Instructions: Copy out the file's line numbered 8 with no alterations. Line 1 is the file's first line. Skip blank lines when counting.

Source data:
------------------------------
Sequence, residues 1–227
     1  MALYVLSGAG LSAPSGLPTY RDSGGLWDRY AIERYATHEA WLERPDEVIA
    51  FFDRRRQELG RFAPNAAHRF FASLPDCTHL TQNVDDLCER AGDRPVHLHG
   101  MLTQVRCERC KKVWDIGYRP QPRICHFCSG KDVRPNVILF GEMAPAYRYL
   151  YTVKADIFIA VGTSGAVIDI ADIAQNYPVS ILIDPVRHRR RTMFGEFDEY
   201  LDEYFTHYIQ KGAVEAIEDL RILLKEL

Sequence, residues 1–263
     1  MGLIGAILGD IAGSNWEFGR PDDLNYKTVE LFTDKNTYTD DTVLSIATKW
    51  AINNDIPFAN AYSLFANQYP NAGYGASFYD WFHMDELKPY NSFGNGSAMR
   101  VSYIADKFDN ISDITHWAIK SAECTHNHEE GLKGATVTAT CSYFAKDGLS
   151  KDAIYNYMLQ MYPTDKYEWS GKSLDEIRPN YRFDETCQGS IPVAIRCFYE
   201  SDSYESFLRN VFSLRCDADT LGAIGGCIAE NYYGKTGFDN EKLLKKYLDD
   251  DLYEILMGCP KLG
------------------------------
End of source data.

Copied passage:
     1  MGLIGAILGD IAGSNWEFGR PDDLNYKTVE LFTDKNTYTD DTVLSIATKW